Major report warns that a "meat tax" is coming

After tobacco, carbon, and sugar, meat may be next on the list to be taxed by governments in their efforts to comply with health and environmental policies. 

An unidentified worker monitors a meat grinding machine as it grinds beef at Ray's Wholesale Meats in Yakima, Washington. U.S. (Photo: Justin Sullivan/Getty Images)
An unidentified worker monitors a meat grinding machine as it grinds beef at Ray's Wholesale Meats in Yakima, Washington. U.S. (Photo: Justin Sullivan/Getty Images)

After tobacco, carbon, and sugar, meat may be next on the list to be taxed by governments in their efforts to comply with health and environmental policies. Тhis is what a recent report published by the FAIRR initiative argues. 

Farm Animal Investment Risk and Return (FAIRR) is an initiative that informs and advises investors about the risks and opportunities related to the industrial livestock production sector. FAIRR’s most recent report The Livestock Levy, which was published in December, forewarns investors that meat may be due for a tax in the next five to ten years, just like sugar and tobacco.

Taxing goods that are considered unhealthy or dangerous for the environment is an attractive revenue stream for governments. In recent years, meat has entered the list of goods that may be harmful to society.

The International Agency for Research on Cancer (IARC), which is part of the World Health Organization, has classified processed meat as a Group1 carcinogen, the same group as tobacco and asbestos. Red meat was classified as Group2A: “probably carcinogenic to humans.”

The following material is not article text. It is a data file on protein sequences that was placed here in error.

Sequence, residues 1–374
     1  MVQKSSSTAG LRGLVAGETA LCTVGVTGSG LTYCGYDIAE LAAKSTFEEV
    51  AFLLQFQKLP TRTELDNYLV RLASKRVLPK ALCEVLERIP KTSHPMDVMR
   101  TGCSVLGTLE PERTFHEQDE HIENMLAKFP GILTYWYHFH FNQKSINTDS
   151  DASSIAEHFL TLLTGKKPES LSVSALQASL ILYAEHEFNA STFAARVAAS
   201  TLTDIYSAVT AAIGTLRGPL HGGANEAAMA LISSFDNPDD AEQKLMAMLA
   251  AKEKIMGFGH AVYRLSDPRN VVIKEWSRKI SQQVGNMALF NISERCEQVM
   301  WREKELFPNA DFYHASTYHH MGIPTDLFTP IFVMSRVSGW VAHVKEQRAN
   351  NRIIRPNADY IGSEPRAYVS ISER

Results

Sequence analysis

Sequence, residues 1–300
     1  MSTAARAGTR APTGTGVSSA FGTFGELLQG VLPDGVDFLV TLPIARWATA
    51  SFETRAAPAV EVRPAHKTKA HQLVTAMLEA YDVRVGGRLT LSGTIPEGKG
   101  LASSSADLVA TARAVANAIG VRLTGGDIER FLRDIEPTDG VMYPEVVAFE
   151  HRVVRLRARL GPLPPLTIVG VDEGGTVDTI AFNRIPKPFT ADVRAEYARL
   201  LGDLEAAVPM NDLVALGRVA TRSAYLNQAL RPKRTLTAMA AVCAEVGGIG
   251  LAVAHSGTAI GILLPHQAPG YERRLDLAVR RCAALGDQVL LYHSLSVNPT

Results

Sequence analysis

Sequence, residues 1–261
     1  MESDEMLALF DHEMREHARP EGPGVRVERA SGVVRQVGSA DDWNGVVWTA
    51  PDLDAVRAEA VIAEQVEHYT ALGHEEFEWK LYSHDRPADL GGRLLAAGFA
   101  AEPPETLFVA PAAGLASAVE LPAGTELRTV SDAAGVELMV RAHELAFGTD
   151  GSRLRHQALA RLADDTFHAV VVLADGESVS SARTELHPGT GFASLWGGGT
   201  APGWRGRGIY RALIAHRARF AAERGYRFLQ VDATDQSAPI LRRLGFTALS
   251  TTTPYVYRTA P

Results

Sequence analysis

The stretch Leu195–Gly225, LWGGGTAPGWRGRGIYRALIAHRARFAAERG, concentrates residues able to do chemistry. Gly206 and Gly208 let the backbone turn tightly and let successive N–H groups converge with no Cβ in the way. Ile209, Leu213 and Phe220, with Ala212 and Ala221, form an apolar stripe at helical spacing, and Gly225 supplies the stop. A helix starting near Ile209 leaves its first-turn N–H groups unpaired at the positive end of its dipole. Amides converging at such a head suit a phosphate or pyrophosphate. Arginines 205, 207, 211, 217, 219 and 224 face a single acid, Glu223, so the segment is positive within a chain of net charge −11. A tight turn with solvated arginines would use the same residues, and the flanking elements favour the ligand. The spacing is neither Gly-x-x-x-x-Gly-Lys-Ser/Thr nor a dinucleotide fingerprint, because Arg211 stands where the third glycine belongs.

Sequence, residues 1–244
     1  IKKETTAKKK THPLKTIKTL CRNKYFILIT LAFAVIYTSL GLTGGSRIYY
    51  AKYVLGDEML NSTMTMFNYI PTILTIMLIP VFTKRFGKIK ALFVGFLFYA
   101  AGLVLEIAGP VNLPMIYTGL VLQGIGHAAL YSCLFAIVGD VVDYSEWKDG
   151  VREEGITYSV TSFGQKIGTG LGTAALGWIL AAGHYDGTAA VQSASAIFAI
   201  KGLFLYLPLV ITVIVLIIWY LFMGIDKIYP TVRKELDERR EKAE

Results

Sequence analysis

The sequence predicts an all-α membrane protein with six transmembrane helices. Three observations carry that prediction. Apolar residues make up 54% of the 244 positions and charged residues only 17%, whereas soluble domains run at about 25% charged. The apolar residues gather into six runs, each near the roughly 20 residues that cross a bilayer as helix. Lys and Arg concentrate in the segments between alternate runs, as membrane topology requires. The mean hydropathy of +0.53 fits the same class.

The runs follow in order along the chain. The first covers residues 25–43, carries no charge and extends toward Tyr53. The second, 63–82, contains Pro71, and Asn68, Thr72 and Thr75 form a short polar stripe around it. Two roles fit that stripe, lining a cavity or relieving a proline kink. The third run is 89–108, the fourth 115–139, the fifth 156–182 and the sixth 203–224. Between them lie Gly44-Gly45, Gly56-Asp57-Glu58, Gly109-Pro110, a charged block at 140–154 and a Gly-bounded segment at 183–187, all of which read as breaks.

As a result, many countries have started modifying their official food recommendation guidelines switching their focus from meat and dairy to plants. Belgium’s 2017 food pyramid shows processed meat in the junk food category—alongside candy, sugar and fries—as foods that “are not necessary for a balanced diet and can even damage your health.”

Belgium's food pyramid. The top says 'Drink mostly water'. The green circle says 'more' and the yellow circle says 'less'. The red section says 'as little as possible' and is for foods that are "not necessary for a balanced diet and can even damage your health."

The Chinese Dietary Guideline, which was last updated in 2016, recommends that Chinese people reduce their consumption of meat to 1.4-2.6 oz a day. If the recommendation is followed, it would reduce the meat consumption per person from 139 lbs to 31-60 lbs per year.

But while there is still room for a scientific debate regarding the health risks of consuming meat, there is none left when it comes to the harm that industrial livestock production causes to the environment. 

The FAIRR report points out that meat consumption has risen 500% between 1992 and 2016, and the upward trend is likely to continue. This would put an even further strain on the global livestock industry, which is already implicated in producing more greenhouse gas emissions than the transport sector, increasing levels of antibiotic resistance, soil degradation, deforestation and being a threat to global food security and water availability.